If heavy rail’s future functionality is imperilled by Metro, we must know that before we spend more billions pouring concrete and digging more little Metro tunnels. If not, we risk condemning our entire public transport network to deeper dysfunction which may prove vastly more expensive or even impossible to retrofit later.
A new government should authorise an inquiry into Metro and other secret mega-projects on its first day in power.
The same goes for the Commonwealth, which has already thrown billions of taxpayer money at this project, with no questions asked.
All major infrastructure projects should be examined against credible alternative solutions for delivering on agreed objectives well before the infrastructure club is allowed anywhere near the public chequebook.
Here are the written words of Gladys Berejiklian, the responsible Minister in her report in 2012 regarding the merits of Metro compared to upgrading and expanding CityRail:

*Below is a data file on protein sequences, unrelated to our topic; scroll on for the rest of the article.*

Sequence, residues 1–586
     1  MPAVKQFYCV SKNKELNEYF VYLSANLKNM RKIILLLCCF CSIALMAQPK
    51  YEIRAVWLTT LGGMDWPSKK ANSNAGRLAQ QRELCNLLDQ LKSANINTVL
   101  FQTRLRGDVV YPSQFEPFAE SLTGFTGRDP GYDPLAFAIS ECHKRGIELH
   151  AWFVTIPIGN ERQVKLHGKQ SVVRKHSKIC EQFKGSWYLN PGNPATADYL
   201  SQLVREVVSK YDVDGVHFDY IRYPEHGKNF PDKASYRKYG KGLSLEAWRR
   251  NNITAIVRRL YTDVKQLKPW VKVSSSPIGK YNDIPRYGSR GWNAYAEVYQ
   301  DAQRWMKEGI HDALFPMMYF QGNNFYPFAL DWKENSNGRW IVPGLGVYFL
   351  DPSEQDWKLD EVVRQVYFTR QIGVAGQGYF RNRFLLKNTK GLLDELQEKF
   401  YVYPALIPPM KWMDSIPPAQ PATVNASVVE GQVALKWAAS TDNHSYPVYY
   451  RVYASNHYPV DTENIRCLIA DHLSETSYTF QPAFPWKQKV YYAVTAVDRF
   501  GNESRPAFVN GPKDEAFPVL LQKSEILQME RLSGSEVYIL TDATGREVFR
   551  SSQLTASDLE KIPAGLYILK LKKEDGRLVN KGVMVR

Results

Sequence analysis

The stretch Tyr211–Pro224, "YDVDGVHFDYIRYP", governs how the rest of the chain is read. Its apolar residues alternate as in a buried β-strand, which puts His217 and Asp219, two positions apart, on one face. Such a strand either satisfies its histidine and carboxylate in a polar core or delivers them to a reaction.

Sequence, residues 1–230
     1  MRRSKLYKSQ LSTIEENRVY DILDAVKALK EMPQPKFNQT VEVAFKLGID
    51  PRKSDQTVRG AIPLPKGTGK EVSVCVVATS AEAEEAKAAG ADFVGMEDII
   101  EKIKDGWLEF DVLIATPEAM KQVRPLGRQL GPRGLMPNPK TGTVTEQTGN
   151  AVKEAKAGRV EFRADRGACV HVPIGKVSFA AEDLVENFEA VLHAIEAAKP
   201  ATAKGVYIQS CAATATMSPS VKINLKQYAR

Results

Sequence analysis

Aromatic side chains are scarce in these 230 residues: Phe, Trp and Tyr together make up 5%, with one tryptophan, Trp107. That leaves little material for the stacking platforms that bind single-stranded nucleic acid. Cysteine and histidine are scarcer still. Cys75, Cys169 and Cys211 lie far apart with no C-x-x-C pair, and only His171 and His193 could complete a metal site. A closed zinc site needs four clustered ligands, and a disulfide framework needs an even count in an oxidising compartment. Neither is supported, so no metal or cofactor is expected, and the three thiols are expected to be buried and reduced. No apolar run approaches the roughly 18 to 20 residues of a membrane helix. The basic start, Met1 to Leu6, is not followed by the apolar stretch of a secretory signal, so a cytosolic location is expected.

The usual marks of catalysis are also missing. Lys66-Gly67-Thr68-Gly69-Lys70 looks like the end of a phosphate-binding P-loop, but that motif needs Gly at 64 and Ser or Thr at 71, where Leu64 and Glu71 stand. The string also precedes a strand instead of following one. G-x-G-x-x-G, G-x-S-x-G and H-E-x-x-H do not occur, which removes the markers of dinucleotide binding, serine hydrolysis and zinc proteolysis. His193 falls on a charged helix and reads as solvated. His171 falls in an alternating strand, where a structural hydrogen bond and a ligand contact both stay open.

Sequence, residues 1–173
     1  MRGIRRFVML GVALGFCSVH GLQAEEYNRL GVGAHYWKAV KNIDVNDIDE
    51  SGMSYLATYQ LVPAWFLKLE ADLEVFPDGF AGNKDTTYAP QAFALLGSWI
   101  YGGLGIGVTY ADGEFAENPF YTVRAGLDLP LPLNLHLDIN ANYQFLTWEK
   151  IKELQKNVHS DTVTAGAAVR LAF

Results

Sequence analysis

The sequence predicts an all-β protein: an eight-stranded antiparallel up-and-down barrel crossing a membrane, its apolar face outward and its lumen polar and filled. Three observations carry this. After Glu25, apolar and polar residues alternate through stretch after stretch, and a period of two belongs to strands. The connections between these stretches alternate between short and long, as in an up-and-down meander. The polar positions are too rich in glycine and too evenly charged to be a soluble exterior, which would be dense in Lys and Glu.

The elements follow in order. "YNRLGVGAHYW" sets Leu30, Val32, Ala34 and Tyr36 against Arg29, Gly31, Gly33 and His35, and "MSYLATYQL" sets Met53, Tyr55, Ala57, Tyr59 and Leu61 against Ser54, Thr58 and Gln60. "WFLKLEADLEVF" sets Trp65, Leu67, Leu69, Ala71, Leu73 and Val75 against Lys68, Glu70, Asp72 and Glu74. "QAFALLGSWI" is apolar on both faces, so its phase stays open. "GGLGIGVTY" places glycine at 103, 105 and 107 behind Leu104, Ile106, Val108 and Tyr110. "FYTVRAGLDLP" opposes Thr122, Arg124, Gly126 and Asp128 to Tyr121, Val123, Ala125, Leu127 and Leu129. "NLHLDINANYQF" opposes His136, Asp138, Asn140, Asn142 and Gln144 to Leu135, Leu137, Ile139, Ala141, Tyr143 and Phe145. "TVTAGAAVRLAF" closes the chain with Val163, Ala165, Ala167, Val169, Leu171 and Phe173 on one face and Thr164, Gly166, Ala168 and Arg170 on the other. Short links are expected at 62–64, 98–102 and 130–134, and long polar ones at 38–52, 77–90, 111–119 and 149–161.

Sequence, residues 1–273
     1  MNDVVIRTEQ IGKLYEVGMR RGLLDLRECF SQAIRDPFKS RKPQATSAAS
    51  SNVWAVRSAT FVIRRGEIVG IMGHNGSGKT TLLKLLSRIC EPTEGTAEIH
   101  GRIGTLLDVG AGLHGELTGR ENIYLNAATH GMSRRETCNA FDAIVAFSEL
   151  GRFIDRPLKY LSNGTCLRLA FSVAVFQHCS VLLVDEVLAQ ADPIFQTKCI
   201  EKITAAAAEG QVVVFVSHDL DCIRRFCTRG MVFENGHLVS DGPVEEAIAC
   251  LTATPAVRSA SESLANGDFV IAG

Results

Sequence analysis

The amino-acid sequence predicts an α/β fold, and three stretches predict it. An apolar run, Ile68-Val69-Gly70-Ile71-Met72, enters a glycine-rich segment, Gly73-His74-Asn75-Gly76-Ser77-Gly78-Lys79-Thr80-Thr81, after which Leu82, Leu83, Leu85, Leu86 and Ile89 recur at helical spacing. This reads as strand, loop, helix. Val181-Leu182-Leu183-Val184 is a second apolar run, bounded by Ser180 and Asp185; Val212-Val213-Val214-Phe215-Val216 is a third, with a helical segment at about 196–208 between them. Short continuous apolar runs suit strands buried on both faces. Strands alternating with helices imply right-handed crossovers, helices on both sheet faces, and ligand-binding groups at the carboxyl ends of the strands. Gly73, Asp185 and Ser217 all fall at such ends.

(Metro) does not deliver significant benefits to the wider rail network’.
‘(Metro) would create a separate system that would divert funding away from service improvements on the existing rail network and only provide benefits to customers who use the new line’.
‘In the Sydney context an independent metro system would deliver few benefits in terms of service enhancement, capacity improvements or better operating efficiency on the existing rail network’.
‘A dedicated metro-style system would not maximise the use of the existing rail assets.’
Extract from page 24 of Sydney Rail Futures 2012 – foreword by then-Minister for Transport, the Hon Gladys Berejiklian P[vii]
Members of the infrastructure club should keep their diaries free for this inquiry.
Infrastructure, both rail and road, is becoming an albatross around the neck of the NSW Premier and former Minister for Transport.
[vi] Four whole years ago, ABC fact checker established that given the same service frequency and train control, the existing CityRail trains would move thousands more people an hour on the proposed Metro line than the new Metro trains. Yet it appears no comparative business case was even assessed, much less published: http://www.abc.net.au/news/2014-04-11/barry-ofarrell-sydney-trains-claim-doubtful/5371446